Saints have prayed prayers,
Prayers hanging over Time,
Still being answered:
“God protect Your Church.”
“God spare Your People.”
“God forgive Sin.”
“God make holy.”
“God preserve and enlighten.”
Prayers that never end
Prayers forever answered.
by Joann Nelander
Looking at the Sun
Last evening, I saw the sun in a surprising way. Looking at the sun directly, it appeared to have a silvery and ” cool” disc over its center, which would normally be ” hot”and bright and would force my eyes to instinctively close or my eyes to look away. I watched it for some time in wonder and amazement, seeing soft red rays around its silvery core.
To me, it is mysterious. I mean, I do not know how I could gaze at it quite comfortably, watching the rays seem to spread out around it’s cool center.. I watched it for some time wondering at the occurrence, the ability to look upon it, and wondering why I was seeing it. I have seen this at other times in the past, often on a Church feast day, like the Feast of the Transfiguration, or the Feast of the Holy Innocents.
I write about it because I don’t know what it means but accept it as a gift, a grace. I have been wanting to write about grace and supernatural grace but I can’t seem to put what I understand of them into words, at least, into my words. So, like looking at the sun, I shall simply gaze on them a while more.
Here’s Father Cory Sticha on the topic:
I’ve been thinking more and more about my concerns around giving special blessings to children at Mass. There are a number of people here who are continuing to express concern because of my stance on not blessing children in the communion line. To be clear, this is a position taken not out of spite, but out of a respect for the liturgy and for the documents of the Second Vatican Council. In paragraph 22, Sacrosanctum Concilium states, “Therefore no other person, even if he be a priest, may add, remove, or change anything in the liturgy on his own authority.” A priest does not have the authority to add a blessing to the liturgy for anyone, because a priest does not have the authority to add anything to the liturgy. It doesn’t matter if other priests go beyond their authority and do it in disobedience. In my mind, it is inappropriate, and I will not. Period.”Read More:
“Earlier this month Americans United for Separation of Church and State sent out 84,000 letters to church leaders to warn them against speaking about politics from the pulpit according to IRS tax-exempt restrictions. Responses so far have not been so enthusiastic.
AU says they attempted to be “respectful” in their reminder and claim they are merely trying to protect organizations’ tax exempt status. In a blog post the group’s assistant director of communications, Simon Brown, explained that they only want churches to “follow the rules” and “stay out of partisan politics”:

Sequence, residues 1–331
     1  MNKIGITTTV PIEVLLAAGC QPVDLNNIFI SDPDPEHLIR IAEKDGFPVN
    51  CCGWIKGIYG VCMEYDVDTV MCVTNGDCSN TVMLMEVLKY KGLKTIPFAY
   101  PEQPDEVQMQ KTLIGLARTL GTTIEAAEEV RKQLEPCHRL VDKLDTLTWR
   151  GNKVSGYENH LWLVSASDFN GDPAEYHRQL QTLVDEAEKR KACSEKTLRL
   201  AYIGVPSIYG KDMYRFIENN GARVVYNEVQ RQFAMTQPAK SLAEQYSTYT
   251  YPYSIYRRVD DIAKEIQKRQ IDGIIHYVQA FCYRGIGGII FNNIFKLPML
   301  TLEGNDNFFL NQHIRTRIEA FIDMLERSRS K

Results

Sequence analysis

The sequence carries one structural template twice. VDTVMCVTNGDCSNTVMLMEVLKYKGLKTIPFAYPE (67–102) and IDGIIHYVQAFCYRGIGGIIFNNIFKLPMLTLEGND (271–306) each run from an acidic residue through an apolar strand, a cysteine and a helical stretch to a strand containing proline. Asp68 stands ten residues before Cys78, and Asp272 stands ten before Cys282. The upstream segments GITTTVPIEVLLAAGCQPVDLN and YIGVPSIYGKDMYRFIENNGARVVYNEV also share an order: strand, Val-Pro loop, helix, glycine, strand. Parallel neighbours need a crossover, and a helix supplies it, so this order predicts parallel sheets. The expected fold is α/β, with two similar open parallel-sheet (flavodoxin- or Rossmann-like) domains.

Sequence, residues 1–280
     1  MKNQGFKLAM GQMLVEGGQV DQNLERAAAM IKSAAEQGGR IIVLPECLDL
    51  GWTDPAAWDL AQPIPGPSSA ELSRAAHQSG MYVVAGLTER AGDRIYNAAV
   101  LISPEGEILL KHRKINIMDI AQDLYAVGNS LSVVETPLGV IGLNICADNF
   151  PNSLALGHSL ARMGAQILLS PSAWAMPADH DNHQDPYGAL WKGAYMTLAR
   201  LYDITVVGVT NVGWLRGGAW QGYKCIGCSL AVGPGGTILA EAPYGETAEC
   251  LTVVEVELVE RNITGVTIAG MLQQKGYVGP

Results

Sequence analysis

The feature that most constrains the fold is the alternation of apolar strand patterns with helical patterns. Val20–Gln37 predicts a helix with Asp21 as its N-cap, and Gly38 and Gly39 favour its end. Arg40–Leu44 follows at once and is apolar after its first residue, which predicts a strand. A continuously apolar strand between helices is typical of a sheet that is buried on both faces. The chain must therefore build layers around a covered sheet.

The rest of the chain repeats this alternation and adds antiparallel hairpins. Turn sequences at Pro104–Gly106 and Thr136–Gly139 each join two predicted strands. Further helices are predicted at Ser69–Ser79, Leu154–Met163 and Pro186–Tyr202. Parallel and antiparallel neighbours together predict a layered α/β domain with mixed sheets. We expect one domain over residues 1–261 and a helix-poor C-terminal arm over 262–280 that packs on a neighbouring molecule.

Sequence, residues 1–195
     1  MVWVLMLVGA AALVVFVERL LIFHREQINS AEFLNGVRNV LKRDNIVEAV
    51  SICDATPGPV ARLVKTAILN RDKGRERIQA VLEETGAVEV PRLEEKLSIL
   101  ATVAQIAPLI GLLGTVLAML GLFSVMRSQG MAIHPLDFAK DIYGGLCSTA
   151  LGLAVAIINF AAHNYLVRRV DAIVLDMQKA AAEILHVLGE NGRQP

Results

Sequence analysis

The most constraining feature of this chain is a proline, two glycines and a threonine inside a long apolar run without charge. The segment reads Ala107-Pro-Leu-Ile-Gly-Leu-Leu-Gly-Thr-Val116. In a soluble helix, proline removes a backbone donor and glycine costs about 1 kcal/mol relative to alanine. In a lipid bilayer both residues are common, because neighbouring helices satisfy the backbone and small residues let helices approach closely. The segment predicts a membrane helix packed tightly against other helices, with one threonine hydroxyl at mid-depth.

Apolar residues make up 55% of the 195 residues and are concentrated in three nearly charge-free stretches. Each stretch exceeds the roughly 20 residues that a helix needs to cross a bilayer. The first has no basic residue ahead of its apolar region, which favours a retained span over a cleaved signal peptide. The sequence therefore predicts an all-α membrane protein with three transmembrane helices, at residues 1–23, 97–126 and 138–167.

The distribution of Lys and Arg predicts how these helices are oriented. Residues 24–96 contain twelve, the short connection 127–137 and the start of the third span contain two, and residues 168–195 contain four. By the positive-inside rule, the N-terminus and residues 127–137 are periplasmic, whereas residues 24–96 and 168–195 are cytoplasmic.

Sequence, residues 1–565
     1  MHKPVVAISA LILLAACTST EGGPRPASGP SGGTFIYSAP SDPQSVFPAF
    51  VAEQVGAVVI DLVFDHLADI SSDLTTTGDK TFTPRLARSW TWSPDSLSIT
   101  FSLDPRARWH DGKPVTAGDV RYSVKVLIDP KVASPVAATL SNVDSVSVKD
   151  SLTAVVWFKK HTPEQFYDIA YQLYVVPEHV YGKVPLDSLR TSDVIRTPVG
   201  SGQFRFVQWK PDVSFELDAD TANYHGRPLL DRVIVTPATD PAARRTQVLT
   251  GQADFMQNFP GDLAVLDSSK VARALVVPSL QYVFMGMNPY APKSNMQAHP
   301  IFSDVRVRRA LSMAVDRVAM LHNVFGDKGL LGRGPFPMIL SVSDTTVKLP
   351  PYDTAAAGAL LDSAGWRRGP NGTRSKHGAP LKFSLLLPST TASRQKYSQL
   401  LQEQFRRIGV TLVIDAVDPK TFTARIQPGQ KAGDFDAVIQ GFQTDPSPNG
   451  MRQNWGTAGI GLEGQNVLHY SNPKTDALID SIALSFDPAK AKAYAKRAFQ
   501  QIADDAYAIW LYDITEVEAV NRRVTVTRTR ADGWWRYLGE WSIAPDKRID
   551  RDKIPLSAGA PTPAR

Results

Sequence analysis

“We merely want houses of worship to follow the rules, stay out of partisan politics and keep their tax exemption. And when we explain to clergy what the law requires, we do so in a respectful way.”
Despite their “respectful” tone, the church and state watchdog told The Blaze that they’ve already received about 45 fiery responses, and expect more in the days to come.
One church sent back AU’s letter with the simple statement “Drop Dead” written in marker across it. Another response was a brief letter, addressed to the executive director of the group, which concluded by asking to be removed from his mailing list and saying he could take his “solicitude regarding our legal well-being” and “shove it up your fat white a__.”
Here are two shots of the messages (via The Blaze):
HOLY SATURDAY – The body of Jesus is in the tomb but His soul is among the dead to announce the kingdom. The hour is coming, and now is, when the dead will hear the voice of the Son of God, and those who hear it will Live (John 5:25). Consider what it must have been like for the dead in Limbo ( the "hell" of the Apostles’ Creed) to awaken to the voice of Jesus! Meanwhile The Disciples, heartbroken at the death of Jesus, observed the Jewish Sabbath in sorrow. They had forgotten the promise of Jesus that He would rise. We cannot forget His promise. We cannot forget.
We spend this day in quite reflection, weeping at the tomb of our Lord. Fasting and abstinence are recommended, but are not of obligation.
This night in our parish after sundown, at 8:30 pm, we gather for the Great Easter Vigil where we will experience Jesus rising from the dead. (Our Lord rose from the dead during this most blessed of nights, for the Gospels tell us that the faithful women went to the tomb very early in the morning, while it was still dark, and the tomb was already empty. That is why the Great Mass of Easter takes place at night.) We gather in darkness and light the Easter fire which reminds us that Jesus is light in the darkness. He is the light of the world. We attentively listen to Bible stories describing God’s saving work of the past. Suddenly, the church lights are lit and the Gloria is sung as we celebrate the moment of Christ’s resurrection. He Lives! As a Church we sing Alleluia for the first time in forty days. In the joy of the resurrection we then celebrate the Sacraments of Baptism, Confirmation and Eucharist for our Catechumens who have prepared many months for this night. Do everything you can to be present on this evening and invite friends and family to join. Our Vigil ushers in an Easter joy that never ends!
Of course the Easter Vigil fulfills the Sunday obligation – it is THE Great Mass of Easter (in fact, until the 5th century, it was the only Mass of Easter.)
Yes, the Easter Vigil is long (in our parish, about two and a half hours), but it is very beautiful. We keep it "moving right along", and it has beautiful music.
A blessed and joyful celebration of Easter to you all!
Msgr. Douglas A. Raun
St. Thomas Aquinas Parish
1502 Sara, Rio Rancho, NM